The cornerstone of GHJP is a practicum course that is generally run in the spring semester. Through a weekly seminar and real-world projects, students explore the means by which law, policy, and rights can be used as tools to address contemporary health issues.
The practicum is open to all Yale graduate and professional students. The application process opens in November each year. The application process for the 2018 GHJP Practicum Course is open now! See details to apply below.
For more information, law students should come to the Clinic Fair on November 16th from 6:30-7:30 PM in the Dining Hall, and all other graduate and professional school students are encouraged to attend the Information Session on November 28th from 12-1PM at YSPH, Room 102.
2018 Global Health Justice Partnership Practicum: Call for Applications
Deadline: Thursday, December 7, 2017, 4:30pm EST
YLS Course # 30168-01/YSPH Course # SBS 596b Cross listed as # EMD 596b Tue 12:10 PM-2:00 PM Kapczynski/Miller/Gonsalves/Daryani
This course will fuse didactic and experiential learning on critical topics at the intersection of public health, rights, and justice in the twenty-first century. Through a weekly seminar and real-world projects, students will develop the knowledge and tools to engage critically and constructively with contemporary global health issues. Students from different disciplines will work in teams on projects, typically with outside partners, to address key mediators of health in the US and worldwide, with particular attention to concerns about health equity. Seminar readings and project approaches will draw from legal, public health, historical, anthropological, and other fields to introduce students to the multiple lenses through which health issues can be tackled, and to build their competence to work with colleagues in other disciplines around such interventions.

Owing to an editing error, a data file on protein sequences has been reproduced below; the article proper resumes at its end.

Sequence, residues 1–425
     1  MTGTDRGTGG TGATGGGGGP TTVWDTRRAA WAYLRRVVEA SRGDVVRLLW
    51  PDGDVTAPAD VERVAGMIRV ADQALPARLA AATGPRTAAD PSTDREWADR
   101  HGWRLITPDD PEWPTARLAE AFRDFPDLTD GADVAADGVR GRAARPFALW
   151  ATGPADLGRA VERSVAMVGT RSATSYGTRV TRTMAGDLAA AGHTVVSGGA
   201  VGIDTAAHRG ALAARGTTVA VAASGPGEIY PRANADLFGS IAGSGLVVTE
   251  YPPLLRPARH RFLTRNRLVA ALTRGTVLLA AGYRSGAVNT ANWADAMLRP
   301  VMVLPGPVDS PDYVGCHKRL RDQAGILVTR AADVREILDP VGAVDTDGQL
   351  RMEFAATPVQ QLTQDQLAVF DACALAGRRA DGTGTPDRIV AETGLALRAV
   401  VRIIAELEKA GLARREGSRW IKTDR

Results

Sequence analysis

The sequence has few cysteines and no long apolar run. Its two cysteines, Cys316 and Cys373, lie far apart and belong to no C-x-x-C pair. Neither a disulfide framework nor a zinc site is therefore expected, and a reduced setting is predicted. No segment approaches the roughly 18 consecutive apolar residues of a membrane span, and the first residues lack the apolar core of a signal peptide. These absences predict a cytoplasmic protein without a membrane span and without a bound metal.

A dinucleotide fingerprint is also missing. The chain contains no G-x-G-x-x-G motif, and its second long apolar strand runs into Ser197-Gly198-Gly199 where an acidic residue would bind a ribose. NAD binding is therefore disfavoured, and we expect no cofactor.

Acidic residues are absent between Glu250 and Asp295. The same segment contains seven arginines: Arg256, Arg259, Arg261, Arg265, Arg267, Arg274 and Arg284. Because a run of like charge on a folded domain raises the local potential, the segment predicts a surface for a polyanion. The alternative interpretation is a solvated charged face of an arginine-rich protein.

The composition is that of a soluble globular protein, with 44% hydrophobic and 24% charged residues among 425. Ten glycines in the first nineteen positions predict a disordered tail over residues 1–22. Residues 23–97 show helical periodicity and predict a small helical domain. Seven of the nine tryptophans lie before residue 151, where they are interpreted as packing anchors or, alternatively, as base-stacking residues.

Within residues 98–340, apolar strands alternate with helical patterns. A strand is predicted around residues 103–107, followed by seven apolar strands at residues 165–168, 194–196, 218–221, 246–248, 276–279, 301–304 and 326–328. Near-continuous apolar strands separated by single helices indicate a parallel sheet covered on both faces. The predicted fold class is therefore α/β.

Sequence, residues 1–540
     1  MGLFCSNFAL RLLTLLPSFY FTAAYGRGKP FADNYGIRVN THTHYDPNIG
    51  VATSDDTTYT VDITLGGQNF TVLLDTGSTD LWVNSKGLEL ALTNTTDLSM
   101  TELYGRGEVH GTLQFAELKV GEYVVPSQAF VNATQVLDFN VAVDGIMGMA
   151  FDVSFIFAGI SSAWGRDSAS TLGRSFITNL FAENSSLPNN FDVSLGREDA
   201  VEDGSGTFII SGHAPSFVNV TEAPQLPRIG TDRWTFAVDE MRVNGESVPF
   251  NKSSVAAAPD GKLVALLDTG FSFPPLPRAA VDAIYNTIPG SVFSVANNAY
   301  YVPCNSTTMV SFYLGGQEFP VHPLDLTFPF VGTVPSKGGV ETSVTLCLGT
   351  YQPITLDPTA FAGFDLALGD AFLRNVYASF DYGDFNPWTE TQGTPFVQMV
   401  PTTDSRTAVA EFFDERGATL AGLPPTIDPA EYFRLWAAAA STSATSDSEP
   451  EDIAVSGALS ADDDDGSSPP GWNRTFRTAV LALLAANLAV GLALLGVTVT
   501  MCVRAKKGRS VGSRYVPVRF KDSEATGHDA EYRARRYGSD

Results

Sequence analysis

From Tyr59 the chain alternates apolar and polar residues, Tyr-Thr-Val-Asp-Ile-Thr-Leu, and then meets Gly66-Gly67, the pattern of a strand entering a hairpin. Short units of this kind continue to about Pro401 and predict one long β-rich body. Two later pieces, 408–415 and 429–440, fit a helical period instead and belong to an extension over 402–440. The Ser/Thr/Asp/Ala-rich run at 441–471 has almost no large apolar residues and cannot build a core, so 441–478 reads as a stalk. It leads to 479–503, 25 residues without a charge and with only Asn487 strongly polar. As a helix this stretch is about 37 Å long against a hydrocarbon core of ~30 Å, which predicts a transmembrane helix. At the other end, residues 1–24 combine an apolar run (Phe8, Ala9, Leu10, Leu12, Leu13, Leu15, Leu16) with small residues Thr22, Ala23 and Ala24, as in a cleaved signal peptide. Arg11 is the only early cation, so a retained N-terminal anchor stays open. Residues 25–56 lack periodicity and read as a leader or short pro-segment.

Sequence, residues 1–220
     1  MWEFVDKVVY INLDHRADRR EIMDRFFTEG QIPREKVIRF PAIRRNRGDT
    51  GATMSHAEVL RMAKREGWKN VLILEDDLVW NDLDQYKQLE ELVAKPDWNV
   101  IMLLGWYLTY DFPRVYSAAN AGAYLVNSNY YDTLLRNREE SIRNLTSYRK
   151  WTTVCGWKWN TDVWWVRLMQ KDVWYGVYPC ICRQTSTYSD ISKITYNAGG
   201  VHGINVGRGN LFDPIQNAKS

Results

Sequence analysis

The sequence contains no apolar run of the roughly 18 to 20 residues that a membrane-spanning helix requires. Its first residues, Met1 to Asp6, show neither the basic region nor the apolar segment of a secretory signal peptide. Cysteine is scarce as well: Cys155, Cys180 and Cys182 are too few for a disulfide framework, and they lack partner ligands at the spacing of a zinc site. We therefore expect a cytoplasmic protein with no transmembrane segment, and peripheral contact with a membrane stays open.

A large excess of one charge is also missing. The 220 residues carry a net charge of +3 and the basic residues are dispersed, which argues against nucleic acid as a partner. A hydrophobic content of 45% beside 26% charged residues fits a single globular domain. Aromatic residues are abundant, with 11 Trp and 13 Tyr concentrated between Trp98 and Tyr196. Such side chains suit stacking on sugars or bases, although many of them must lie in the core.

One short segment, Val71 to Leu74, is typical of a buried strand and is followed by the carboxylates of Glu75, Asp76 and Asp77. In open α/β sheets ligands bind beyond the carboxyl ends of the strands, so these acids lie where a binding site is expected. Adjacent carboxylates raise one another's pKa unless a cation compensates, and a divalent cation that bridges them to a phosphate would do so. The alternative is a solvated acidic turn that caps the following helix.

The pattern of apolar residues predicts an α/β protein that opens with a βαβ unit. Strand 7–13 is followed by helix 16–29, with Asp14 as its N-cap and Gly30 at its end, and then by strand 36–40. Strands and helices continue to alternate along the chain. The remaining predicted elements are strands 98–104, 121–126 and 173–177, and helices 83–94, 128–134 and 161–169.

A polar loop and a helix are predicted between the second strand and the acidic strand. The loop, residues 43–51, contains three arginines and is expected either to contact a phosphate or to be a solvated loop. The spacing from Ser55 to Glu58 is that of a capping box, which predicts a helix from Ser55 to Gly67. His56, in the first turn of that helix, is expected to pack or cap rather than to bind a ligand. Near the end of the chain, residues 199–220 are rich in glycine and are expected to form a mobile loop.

Projects are selected with an eye toward the application of both public health and legal expertise, and students will be expected to reflect on ethics and methods in an interdisciplinary context. Previous and ongoing GHJP projects have included, for example:
Co-authoring a path-breaking report on the U.N.’s role in causing the cholera epidemic in Haiti and the U.N.’s responsibilities to provide legal remedies to victims of the epidemic
Partnering with the ACLU to document the public health harms and legal violations created by the quarantines of travelers from Ebola-affected countries in 2014
Preparing a report on how human rights law can more effectively be used to ensure that intellectual property protections do not impair health
Submitting an expert’s statement to the Brazilian Supreme Court in support of expanded reproductive health and social services for women and families affected by Zika
Carrying out ongoing research in collaboration with Sex Workers’ Project to understand the ways in which criminalization impacts the lives of people in the sex trade
For more information about previous projects or the Global Health Justice Partnership, please visit: https://law.yale.edu/GHJP